You are killing people in your Social Network?


Massive multiplayer online gaming is increasingly becoming a mainstream social activity.     Leaving aside for the moment many interesting questions about how this affects the offline behavior and psychology of those who are playing these games many hours each day, there are a lot of practical business issues of great interest as well.

Daya over at Webguild suggested recently that the next generation of social networks may be inspired by these multiplayer online video games.     This is a really interesting idea for game developers – could you maintain the excitement of the game play but have players socialize after the game was over in the same way they socialize on Myspace or Facebook?     I think it’s a tall order.    There is limited socializing in the game space to set up games, play, collect a team, yell at your teammates or opponents, etc, but from a business and social perspective this is probably not significant as social activity outside of the (highly relevant) gaming activity.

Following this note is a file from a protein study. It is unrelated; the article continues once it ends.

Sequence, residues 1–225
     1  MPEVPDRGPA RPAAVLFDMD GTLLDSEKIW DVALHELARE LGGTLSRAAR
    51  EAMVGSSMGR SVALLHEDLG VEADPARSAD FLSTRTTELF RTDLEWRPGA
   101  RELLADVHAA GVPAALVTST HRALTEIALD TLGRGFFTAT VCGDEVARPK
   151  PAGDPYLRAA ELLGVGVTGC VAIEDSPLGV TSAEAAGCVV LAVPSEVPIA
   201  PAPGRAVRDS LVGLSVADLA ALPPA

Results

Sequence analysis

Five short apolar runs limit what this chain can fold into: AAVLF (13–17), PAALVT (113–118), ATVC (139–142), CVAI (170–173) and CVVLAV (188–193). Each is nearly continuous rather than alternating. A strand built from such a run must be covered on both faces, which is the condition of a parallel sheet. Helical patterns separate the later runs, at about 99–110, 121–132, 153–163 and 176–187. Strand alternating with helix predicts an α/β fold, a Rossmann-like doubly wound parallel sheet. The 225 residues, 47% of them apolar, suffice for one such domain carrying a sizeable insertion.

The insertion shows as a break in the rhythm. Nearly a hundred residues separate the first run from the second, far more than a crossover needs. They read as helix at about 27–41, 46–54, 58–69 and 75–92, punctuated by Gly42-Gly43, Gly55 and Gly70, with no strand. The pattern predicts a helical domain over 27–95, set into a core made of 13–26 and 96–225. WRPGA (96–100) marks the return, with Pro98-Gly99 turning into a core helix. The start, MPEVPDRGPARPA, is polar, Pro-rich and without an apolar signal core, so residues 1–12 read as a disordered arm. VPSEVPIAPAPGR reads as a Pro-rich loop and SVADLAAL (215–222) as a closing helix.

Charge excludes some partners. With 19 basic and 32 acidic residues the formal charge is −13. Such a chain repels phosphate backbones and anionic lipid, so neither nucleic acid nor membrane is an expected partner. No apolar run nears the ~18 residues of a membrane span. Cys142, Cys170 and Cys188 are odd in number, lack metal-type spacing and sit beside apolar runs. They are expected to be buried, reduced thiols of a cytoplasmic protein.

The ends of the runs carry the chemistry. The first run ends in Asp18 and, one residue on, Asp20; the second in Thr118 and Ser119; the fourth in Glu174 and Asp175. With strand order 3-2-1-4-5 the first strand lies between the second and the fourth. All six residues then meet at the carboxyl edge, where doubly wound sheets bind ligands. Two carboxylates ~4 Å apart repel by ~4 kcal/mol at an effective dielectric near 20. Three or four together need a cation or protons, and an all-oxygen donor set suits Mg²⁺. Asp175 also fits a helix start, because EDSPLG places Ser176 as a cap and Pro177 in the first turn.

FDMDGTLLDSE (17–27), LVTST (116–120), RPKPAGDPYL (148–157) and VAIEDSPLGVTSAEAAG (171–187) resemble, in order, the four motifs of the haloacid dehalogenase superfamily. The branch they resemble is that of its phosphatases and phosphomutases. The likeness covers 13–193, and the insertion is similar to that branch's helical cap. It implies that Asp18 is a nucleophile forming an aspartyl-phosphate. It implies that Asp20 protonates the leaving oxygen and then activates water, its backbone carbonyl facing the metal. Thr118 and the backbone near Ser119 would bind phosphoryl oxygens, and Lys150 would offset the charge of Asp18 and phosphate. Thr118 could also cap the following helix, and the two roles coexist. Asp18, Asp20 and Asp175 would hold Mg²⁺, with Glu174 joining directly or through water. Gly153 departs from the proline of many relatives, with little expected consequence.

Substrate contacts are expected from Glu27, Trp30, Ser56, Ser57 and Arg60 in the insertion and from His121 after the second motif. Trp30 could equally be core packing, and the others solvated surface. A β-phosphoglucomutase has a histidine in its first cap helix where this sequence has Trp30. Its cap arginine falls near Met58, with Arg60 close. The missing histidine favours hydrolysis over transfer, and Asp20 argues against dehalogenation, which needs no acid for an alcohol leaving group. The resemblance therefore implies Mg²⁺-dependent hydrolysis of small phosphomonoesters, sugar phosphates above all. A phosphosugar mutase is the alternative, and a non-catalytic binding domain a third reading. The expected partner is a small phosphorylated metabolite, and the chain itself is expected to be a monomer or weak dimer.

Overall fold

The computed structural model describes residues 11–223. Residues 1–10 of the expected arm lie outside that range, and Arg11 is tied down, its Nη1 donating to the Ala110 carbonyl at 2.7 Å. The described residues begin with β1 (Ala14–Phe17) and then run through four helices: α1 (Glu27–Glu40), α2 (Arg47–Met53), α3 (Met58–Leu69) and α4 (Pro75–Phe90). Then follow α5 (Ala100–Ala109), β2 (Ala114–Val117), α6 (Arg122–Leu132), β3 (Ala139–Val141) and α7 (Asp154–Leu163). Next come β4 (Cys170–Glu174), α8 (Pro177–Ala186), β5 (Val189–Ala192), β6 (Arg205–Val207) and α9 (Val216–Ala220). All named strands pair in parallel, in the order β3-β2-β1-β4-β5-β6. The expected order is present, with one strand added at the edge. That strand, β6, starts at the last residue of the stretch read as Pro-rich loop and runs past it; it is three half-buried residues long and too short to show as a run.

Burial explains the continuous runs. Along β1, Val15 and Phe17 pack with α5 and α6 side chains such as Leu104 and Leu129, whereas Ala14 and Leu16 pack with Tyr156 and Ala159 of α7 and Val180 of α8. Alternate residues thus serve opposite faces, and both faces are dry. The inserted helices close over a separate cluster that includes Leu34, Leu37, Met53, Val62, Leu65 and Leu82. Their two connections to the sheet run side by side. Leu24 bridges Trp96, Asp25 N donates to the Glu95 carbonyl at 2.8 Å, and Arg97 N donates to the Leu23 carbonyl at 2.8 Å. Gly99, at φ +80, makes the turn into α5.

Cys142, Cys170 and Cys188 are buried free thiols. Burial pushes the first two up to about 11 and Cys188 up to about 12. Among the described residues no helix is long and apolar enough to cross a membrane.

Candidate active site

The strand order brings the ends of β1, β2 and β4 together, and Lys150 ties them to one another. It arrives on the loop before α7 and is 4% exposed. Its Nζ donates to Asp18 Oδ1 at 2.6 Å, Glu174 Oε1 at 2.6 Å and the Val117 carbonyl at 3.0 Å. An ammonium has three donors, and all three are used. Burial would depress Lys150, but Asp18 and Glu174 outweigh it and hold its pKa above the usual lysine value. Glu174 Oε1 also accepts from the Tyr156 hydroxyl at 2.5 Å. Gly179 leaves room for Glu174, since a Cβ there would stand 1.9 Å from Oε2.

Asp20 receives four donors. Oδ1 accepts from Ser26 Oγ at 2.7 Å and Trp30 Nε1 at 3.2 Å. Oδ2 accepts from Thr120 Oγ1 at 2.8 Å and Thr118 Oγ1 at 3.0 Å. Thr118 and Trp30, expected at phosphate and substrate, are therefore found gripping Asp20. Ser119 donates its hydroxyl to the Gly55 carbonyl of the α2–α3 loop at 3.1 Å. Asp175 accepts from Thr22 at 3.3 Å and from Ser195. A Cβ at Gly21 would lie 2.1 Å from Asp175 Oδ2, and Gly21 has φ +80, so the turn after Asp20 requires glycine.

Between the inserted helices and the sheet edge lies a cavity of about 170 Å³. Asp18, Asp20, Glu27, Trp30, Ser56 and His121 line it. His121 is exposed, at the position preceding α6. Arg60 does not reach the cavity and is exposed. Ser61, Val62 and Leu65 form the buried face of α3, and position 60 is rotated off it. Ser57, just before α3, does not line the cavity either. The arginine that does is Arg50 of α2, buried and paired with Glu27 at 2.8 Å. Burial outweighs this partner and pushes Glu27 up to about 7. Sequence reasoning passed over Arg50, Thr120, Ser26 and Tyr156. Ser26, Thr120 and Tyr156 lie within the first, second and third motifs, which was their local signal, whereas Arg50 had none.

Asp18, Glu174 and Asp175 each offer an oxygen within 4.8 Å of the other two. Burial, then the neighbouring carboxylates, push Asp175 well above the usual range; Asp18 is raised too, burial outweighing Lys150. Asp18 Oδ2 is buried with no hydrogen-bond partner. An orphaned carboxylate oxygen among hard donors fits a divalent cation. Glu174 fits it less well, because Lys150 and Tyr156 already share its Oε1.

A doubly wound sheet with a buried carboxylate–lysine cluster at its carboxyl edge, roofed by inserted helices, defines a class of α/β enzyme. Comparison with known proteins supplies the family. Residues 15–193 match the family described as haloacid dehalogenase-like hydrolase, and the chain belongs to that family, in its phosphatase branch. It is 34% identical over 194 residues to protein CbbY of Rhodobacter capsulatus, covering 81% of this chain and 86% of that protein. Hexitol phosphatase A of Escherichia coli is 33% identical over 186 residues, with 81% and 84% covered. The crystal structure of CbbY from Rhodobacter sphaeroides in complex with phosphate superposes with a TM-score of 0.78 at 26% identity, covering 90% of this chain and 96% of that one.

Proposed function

An amazing killer application – pun intended – would harvest the motivation, intellect, and creative thought that goes into playing online games and use this for more practical applications – perhaps in real time as tens of millions play the games.      Unfortunately the most viable applications for the current crop of mostly violent games would be military, leading to a very sinister vision of teenagers around the world unwittingly (or even volunteering?!) to help direct battle in real places.    But I’m thinking more along the lines of some fuzzy logic applications where problem solving at the game level could be used for problem solving in some business applications.      Probably not practical – especially as computers become better equipped to create content and analyze opportunities.